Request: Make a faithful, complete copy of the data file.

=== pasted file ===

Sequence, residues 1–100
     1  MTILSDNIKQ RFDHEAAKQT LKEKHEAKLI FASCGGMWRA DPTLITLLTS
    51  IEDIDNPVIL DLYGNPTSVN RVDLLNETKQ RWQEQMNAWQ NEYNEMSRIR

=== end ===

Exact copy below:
Sequence, residues 1–100
     1  MTILSDNIKQ RFDHEAAKQT LKEKHEAKLI FASCGGMWRA DPTLITLLTS
    51  IEDIDNPVIL DLYGNPTSVN RVDLLNETKQ RWQEQMNAWQ NEYNEMSRIR